More lambs arrived and more plans were made for ticking off the final Counties, more of the day job was done and almost every weekend I went somewhere to do something to do with the VMCC. A big day for me was SUNDAY 24th MAY. That was the day that I completed 34 out of the 33 Scottish Counties. I know that sounds a bit backwards, but when I counted up, I really did find one extra. It all culminated with a camping trip north to Nairnshire, Ross-shire, Sutherland and Caithness, and to make it even better, a bunch of Grampian club members and friends came along with us. That was a cracking weekend, and even though we got a bit wet, and everyone had to travel at Cubbie speed (on their big fast and more modern bikes, serves them right, hehe!) the evenings in the pub, eating good nosh and having a laugh made up for it. If Geoff & Julie hadn't been there in their camper van things might not have been so enjoyable, for they provided shelter and hot refreshments when the inclement weather hit the weary riders upon our return to the campsite at Dornoch. Only just made it home mind you, as Cubbie thought enough is enough, and decided to loose all traces of compression somewhere near Inverness. I can't believe the bike could run in such a state. Stripping the engine down for inspection some time later revealed that the head gasket had been blowing merrily for probably quite a while, and an abundance of the usual sooty looking carbony stuff all over the place, but nothing that a blast with a wire wheel couldn’t sort.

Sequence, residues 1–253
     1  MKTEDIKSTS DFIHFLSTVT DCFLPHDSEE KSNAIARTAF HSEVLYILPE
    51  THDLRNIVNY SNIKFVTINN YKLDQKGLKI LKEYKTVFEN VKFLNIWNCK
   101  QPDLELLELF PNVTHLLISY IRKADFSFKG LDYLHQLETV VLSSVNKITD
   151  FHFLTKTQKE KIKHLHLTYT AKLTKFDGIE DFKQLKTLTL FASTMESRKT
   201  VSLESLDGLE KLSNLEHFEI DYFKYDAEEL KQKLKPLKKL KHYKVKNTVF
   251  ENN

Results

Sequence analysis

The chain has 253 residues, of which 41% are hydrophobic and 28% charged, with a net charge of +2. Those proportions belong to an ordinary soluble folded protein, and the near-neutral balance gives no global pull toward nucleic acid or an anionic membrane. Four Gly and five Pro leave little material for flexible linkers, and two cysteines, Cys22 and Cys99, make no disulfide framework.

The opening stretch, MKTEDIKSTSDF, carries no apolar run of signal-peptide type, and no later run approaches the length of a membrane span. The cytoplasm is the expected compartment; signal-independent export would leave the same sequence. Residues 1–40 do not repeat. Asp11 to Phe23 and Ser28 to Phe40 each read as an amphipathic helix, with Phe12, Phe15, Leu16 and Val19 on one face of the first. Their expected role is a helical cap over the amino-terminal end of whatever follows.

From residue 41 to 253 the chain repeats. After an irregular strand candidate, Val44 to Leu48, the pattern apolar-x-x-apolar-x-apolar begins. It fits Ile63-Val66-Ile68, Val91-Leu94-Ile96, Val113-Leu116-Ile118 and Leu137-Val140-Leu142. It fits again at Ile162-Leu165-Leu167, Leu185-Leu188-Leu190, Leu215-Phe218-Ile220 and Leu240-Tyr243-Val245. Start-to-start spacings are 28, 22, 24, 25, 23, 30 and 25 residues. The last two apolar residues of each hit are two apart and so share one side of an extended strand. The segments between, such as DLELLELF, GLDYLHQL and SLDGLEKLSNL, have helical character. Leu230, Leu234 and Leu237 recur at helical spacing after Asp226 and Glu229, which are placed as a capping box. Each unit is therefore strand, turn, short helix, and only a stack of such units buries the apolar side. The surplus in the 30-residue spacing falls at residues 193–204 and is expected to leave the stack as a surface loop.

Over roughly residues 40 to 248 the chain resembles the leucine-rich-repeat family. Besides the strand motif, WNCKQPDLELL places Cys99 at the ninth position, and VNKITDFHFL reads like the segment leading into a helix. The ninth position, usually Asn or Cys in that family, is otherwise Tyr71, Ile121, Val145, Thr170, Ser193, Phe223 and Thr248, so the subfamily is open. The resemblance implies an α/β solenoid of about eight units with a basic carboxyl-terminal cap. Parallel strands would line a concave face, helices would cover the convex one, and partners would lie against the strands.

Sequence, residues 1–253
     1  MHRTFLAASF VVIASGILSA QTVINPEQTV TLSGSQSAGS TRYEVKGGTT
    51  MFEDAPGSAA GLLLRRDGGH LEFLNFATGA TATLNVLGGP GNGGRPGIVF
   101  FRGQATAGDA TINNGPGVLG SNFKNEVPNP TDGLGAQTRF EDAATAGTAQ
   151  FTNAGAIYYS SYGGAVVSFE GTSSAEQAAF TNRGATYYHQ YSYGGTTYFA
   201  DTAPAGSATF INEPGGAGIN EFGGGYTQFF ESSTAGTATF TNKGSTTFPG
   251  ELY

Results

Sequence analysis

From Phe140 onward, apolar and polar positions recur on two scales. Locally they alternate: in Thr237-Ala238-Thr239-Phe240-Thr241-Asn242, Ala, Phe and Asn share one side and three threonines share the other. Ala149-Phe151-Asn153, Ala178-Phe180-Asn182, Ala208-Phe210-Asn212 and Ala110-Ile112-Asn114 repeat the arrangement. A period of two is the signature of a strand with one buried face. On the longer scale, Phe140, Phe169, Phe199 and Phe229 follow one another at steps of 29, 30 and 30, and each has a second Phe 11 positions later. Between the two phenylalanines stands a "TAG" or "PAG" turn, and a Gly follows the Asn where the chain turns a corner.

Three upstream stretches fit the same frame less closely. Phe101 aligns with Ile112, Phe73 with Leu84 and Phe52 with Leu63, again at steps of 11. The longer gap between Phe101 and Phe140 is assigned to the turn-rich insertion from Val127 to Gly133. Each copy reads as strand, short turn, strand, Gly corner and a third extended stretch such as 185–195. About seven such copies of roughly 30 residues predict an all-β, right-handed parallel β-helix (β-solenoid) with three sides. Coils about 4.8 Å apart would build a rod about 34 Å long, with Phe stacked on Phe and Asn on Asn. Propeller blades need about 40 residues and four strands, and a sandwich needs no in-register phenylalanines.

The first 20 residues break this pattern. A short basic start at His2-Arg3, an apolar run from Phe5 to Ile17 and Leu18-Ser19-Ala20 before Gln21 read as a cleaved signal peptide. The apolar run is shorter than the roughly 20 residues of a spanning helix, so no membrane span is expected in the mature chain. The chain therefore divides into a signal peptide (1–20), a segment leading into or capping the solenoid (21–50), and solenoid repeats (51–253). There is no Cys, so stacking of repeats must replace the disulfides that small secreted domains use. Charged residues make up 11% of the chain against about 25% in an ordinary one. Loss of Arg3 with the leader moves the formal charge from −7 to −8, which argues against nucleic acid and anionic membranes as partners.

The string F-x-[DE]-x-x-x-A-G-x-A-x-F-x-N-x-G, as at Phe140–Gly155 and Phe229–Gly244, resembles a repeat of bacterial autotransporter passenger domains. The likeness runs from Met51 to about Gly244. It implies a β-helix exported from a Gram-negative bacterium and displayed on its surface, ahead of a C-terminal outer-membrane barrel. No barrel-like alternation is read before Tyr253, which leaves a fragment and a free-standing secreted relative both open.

This month, we also celebrated SHED DAY! At least, the saga of The Shed had been going on for I don't know how long. But finally, it was up. Captain Bill, Kawa, Iain & Mary and Slick all came over to lend a hand. Thanks chaps and chappesses.

Deary me, June already, now, did anything special happen in June? Ah yes, well I went to the Ayr Classic Show, dished out the awards and wrote a report for Old Bike Mart. Went to the Loch Ness rally too, rode one of Sid Leitch's marvellous motorcycles, a Matchless Super Hawk that he built, shared buns and chips, or was it chips and buns with Sid and his chums under an umbrella somewhere in Fort Augustus while the rain absolutely dinged doon. The highlight of the day for many other people, was when Shorty tried to embarrass me with all sorts of birthday balloons proclaiming my age, and by circulating a rather cute picture of me taken when I was but a wee sprog. I was flattered.